1
$\begingroup$

When bisecting an angle, some texts suggest that that the arcs drawn from $D$ and $E$ and intersecting at $C$ should be of the same radius as that of the arc drawn from $O$ but it is not necessary. The arcs from $D$ and $E$ should be of any length greater than $DE$ (Fig 1).

Fig 1

Similarly, in order to construct a right angle at a point on a line, there seem to be two methods- drawing a large arc from the point and keeping the same radius drawing four more arcs to finally meet at $U$, then joining the intersection point $U$ and the point on the line (Fig 2).

Fig 2

Another method of constructing the right angle can be drawing a semicircle from the point on the line and then bisect it (Fig 3).

Fig 3

My point is, are there two different ideas working here where in the first we keep the radii of the arcs same and in the second one radii can be of any length (greater than some minimum length)? If we can bisect an angle simply by taking any radius of the arc and also construct a right angle by simple method of bisecting an $180^\circ$ angle then why there is a long process of constructing two $60^\circ$ angles at the Point $P$ (Fig 2) then bisecting the other $60^\circ$ angle to get a $ 90^\circ$ angle?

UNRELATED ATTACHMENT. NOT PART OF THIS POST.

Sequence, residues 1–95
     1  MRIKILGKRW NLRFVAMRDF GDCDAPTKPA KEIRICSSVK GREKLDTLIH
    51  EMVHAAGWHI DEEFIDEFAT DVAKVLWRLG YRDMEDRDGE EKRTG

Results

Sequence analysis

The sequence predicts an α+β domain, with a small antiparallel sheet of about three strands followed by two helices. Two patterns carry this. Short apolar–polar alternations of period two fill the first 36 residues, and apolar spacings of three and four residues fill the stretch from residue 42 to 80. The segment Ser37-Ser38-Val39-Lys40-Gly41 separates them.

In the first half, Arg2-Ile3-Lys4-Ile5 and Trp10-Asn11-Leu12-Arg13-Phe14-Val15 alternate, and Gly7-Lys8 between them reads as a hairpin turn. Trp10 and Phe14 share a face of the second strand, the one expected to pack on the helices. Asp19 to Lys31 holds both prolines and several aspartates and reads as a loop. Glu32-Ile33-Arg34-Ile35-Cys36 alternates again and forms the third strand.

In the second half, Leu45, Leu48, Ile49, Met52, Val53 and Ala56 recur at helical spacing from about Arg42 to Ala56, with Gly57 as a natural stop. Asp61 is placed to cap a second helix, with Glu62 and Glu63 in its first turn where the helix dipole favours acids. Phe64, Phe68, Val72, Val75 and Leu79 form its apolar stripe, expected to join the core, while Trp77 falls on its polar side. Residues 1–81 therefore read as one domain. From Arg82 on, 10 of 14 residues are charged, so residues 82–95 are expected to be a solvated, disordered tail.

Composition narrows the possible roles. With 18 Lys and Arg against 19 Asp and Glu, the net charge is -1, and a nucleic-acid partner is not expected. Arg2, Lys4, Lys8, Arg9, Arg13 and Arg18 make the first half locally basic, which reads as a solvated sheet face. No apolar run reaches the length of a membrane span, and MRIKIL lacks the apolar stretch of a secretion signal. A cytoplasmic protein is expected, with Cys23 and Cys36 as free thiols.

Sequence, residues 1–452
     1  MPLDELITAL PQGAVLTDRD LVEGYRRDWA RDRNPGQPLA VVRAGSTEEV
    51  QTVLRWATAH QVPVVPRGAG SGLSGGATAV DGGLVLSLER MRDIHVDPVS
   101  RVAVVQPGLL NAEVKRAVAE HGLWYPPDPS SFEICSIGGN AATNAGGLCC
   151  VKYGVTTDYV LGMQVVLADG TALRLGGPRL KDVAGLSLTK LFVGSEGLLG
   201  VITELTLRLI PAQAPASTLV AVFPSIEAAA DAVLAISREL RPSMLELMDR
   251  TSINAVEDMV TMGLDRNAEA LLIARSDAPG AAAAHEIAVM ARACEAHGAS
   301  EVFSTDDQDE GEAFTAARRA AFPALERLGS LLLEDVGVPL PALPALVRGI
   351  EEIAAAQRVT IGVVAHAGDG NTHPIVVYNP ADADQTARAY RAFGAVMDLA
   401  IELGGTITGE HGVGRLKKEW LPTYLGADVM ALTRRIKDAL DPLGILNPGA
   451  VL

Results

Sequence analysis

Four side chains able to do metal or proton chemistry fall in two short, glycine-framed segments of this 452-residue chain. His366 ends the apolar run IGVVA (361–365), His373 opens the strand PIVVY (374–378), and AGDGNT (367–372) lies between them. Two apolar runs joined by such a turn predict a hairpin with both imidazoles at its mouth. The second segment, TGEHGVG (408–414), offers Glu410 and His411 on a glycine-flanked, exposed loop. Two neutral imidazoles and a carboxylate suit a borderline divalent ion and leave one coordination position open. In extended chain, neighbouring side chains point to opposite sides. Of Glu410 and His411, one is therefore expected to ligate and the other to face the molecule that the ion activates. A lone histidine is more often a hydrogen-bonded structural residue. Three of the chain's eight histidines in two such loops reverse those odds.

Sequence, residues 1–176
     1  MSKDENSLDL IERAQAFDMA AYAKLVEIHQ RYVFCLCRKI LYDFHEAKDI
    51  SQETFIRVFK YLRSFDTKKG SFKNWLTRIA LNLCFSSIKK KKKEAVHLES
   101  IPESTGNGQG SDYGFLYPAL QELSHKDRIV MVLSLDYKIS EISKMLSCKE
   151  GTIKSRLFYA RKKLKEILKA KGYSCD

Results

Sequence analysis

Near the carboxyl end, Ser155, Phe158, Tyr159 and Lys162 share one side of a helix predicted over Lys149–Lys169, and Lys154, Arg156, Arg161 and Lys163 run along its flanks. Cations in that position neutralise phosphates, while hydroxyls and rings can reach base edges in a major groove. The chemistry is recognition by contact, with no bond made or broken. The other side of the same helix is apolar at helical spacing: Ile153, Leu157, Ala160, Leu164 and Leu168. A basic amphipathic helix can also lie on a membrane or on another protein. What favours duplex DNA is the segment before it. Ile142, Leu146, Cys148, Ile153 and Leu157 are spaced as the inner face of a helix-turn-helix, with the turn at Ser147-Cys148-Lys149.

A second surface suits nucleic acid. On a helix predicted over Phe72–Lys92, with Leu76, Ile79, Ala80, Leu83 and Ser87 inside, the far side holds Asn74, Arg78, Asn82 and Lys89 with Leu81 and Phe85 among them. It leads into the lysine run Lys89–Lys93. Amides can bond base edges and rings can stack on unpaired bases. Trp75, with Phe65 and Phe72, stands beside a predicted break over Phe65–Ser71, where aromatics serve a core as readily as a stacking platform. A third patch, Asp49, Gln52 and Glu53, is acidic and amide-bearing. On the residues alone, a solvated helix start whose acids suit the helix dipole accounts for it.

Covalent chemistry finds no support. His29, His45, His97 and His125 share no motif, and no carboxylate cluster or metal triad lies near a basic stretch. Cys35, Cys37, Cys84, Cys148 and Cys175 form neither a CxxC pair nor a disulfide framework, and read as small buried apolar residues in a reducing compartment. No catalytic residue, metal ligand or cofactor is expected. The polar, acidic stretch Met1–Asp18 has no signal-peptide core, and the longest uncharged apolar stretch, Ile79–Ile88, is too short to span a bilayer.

$\endgroup$
1
$\begingroup$

We should remember that Euclid's compass was "collapsible": it allows you to trace a circle, but given its center and one point on it. That's why many constructions stick to this paradigm and avoid, when possible, to add extra points, even if one of the first Propositions in the Elements showed the equivalence between collapsible and rigid compass.

And collapsible is also the compass allowed in Euclidea, where using as few "moves" as possible is one of the fundamental goals to achieve. That's another reason of its popularity.

$\endgroup$
0
$\begingroup$

For the first, there is nothing different going on. Draw $DC$ and $EC$. Triangles $ODC$ and $OEC$ are congruent in either case as corresponding sides are the same, so the angles at $O$ are equal.

For the second, either method works. I have never seen the complicated one, but you are correct it constructs a $60^\circ$ angle and bisects it. They both create the same perpendicular. Whether you think bisecting a segment vs. bisecting an angle means "something different is going on" is in the eye of the beholder.

$\endgroup$
0
$\begingroup$

Probably it is a matter of simpler implementation. If you do not need to change the compass radius, it is good practice not to, as such a change would be an extra step to both present and implement.

$\endgroup$

Your Answer

By clicking “Post Your Answer”, you agree to our terms of service, privacy policy and cookie policy

Not the answer you're looking for? Browse other questions tagged or ask your own question.